This FAQ, begun in August 2020, will eventually be the place to come for documentation about the Android version of CrossWords. I'll be adding to it as I see the need. A great way to demonstrate need is to ask questions :-).
The Wordlist Browser lets you quickly scroll through all the words in a CrossWords wordlist. But sometimes you want to see a subset of the words, perhaps because you're curious (maybe you're studying three-letter words) or because you're looking for a high-scoring move. Filtering lets you limit the words shown to those that match a filter you create.
Three lines labeled Starts with, Contains and Ends with are where you put the tiles you want to filter for. If a field is left empty it's ignored. Fields are combined: you'll see only those words that match all of them. Also, they can overlap. So if, for example, you ask for "Starts with: RI" and "Ends with: ING" you'll see "RIDING" as well as "RING" because they match both.
You can use blanks to match any tile. For example, "B_U" will filter for words with a "B" followed by any single tile followed by a "U".
The blank button lets you insert an underscore character ("_"), which represents a blank ("wildcard" in pattern-speak.) You can do this from the keyboard too, but the button makes it easier.
The two dropdowns near the bottom of the filter settings area let you choose the minimum and maximum lengths of the words you'll see. If you're memorizing three-letter words this is where you'll filter for them.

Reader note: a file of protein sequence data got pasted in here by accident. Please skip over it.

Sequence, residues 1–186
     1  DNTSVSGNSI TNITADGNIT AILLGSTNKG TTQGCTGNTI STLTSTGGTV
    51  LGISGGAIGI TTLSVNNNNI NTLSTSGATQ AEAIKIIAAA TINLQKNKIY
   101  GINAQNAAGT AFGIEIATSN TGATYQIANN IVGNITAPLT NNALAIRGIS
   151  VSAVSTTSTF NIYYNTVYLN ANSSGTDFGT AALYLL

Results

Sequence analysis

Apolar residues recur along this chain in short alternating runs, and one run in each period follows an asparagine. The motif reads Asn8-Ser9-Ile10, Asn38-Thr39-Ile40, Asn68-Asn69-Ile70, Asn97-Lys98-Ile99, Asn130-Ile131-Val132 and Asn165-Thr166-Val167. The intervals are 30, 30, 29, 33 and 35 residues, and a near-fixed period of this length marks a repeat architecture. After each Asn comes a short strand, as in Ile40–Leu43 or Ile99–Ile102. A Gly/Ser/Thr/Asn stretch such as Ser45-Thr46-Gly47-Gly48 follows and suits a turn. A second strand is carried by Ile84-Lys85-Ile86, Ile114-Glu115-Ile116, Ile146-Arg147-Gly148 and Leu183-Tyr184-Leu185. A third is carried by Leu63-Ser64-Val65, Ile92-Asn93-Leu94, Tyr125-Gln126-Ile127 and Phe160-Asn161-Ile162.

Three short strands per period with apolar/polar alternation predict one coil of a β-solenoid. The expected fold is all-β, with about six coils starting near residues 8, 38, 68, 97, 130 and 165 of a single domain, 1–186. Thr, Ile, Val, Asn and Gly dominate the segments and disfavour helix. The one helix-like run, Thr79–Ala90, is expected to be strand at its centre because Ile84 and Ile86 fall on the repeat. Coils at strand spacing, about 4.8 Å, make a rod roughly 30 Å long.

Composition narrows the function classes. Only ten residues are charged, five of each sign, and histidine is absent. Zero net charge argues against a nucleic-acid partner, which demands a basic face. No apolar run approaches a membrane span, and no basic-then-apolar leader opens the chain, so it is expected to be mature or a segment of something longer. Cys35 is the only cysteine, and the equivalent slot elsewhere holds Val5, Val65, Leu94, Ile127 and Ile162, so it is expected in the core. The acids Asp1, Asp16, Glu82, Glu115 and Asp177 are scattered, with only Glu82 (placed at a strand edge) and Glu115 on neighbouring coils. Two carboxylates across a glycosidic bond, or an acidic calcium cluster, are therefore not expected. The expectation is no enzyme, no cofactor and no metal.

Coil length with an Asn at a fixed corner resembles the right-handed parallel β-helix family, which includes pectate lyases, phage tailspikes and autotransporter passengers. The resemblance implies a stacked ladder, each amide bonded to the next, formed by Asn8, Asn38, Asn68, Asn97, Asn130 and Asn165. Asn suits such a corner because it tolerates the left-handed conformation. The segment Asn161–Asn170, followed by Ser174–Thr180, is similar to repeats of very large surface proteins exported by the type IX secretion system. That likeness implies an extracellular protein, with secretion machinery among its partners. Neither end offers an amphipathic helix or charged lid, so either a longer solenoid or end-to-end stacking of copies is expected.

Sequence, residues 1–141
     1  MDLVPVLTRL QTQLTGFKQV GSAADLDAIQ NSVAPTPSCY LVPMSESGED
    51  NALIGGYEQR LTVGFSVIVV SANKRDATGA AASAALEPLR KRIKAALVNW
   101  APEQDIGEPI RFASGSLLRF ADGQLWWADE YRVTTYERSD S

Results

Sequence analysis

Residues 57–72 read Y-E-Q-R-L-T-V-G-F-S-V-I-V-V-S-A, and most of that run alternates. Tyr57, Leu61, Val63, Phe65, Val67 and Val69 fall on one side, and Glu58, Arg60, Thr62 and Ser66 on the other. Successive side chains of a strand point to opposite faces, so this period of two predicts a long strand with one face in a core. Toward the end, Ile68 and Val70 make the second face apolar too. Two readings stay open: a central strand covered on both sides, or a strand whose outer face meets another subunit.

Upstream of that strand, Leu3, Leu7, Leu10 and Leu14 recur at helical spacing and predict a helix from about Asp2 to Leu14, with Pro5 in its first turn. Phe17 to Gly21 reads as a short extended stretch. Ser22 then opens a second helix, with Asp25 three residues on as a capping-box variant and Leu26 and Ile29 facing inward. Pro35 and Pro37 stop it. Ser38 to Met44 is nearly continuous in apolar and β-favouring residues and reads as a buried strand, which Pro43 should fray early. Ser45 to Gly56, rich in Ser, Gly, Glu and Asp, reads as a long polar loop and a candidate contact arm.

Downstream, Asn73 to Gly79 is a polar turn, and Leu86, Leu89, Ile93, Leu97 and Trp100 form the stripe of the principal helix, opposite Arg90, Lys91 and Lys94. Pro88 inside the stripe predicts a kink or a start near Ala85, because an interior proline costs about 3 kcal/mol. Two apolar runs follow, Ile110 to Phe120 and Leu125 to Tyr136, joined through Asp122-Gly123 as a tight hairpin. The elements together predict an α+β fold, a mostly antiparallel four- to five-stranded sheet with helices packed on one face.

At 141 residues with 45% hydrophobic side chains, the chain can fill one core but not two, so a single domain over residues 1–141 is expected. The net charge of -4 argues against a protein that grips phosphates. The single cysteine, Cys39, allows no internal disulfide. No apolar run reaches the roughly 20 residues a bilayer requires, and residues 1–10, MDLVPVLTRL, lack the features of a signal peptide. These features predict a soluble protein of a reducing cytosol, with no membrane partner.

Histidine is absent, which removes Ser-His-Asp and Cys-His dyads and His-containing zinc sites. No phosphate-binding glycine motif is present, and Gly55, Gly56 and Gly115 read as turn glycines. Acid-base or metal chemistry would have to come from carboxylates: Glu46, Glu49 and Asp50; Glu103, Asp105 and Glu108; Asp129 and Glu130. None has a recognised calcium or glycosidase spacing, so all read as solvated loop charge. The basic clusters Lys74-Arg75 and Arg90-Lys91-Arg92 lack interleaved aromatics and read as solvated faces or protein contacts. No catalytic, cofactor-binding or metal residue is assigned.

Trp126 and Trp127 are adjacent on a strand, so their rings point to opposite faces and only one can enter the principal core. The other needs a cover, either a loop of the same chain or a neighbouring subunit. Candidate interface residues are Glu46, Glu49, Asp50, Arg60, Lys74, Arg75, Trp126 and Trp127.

This checkbox causes the tiles listed to the left to match in any order. So if you are looking for "Ends with" and the tiles "ING", words ending in "GIN" will be included.
When you press this button the settings changes you've made are checked, applied to your wordlist, and remembered so that you'll see the list in filtered form, even after restarting CrossWords, until you change them.
If you've used a shortcut, e.g. a lowercase letter, you'll see it replaced by the upper-case spelling of the tile once the filter is applied.
All filtering, including lengths, is in terms of Tiles, not letters. In English they're the same, but in many languages some tiles have more than one letter, e.g. CH, LL and RR in Spanish. In such languages if you're looking for words of length 5 you'll get some with five tiles but more than five letters. It's a feature, not a bug.